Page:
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Freemasm

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About Freemasm

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  • Location
    Orlando, FL
  • Model
    M20C

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  1. For reference from my old AF parts manual (C, E, F, G)
  2. I previously mentioned an IPC inconsistency. I Strongly believe/other evidence points to this as being the case. The IPc also displays a clevis versus a rod end (also previously mentioned). A castellated nut would not be required with a bearing installed. Any rotation should occur between the bearing and eye. The bearing pinned in the associated linkage is factory original. Have seen many similar vintages as “standard”. Vegas odds are on a IPC versus assembly drawing mismatch. While it would be appropriate with a clevis end, there’s no need to change to a castle nut with a heim installed.
  3. A properly torqued bolt through a bearing would yield more of a shear load but a bending load still exists as there is a offset between the bearing and bracket. This would be aggravated if not properly torqued. The suspect witness marks near the bolt head could be related to a past, improper installation. You've possibly added another variable. Maybe just a document error but still interesting: Your drawing does not show a rod end at the point of interest. It appears to depict a clevis (no bearing). The alignment dashed lines are consistent with this. The bolt, castellated nut, and c
  4. BTW a quick update. From your latest posted pix, the NDE SWAG'd fatigue from bending (as opposed to a classic shear or tension load) caveating that he can't say for sure without personally analyzing the part (of course). He is a pilot as well. This is interesting. He was only given the link to your most recent photos. He didn't know the method of attachment. He also didn't know about the suspect witness marks near the bolt head from your original post. Couple the suspected change in related part material from Al to what appears to be (probably) 4130 for later long bodies. Reference prior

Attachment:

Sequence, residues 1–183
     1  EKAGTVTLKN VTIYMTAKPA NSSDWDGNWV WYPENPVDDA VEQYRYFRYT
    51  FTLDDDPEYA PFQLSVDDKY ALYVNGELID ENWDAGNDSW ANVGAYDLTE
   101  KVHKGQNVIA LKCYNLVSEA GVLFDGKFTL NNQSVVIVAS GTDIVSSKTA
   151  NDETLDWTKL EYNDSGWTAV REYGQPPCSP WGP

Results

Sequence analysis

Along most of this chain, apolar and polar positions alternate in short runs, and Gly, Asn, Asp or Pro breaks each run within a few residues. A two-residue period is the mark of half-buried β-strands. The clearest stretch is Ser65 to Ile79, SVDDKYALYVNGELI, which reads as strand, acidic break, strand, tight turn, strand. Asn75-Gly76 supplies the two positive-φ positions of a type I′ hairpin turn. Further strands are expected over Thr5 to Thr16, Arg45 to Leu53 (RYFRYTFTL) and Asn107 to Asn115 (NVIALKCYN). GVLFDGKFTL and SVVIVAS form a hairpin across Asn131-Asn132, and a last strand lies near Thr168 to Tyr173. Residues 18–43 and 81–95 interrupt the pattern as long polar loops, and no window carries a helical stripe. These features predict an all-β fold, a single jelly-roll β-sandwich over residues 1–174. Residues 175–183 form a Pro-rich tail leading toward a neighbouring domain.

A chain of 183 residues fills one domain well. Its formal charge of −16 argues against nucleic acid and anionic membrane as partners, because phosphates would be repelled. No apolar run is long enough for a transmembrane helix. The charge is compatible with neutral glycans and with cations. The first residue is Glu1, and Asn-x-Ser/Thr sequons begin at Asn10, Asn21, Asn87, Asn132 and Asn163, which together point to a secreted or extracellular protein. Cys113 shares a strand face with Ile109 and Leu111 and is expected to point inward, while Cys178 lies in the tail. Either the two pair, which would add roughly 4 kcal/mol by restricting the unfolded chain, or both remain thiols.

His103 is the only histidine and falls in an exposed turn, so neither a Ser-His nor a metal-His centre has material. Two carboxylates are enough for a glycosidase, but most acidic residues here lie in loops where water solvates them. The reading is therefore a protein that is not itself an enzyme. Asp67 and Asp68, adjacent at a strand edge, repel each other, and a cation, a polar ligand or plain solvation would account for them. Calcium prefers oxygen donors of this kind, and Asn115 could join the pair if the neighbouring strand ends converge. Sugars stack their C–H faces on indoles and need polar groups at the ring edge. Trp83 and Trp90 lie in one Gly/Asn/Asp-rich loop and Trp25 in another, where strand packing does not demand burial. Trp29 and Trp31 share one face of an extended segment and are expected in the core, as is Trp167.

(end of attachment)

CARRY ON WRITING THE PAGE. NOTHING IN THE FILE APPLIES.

5. Hard to tell from the photos but speculation follows. - Looks like a typical fatigue failure. The straight portion of the crack propagated over time until it ultimately, abruptly, failed (more irregular looking tear). - The initial crack probably existed for a while based upon what appears to be fretting wear and some discoloration from the resulting exposure. - The surface irregularity the OP noted earlier was probably a (secondary) contributor. It is up to you Mooney types to correct me here. As mentioned earlier, my memory/understanding of the related kinematics thinks
  6. Sorry/Thanks. It’s what I get for looking at crap in my phone (and being a non-observant idiot)
  7. Could just be the light; however, there’s some dark spots that could indicate prolonged exposure (crack was there for a while). Beach marks would help confirm Corrosion or fatigue. If your rigging and related wear are good, loading of this part should be limited to the spring forces in the linkage. May want to consider taking all of the associated rigging back to parade rest and verifying. Any other parts back there only alodined/unpainted? If so, this may cast some suspicion this part was replaced as some point. Anything in the logs?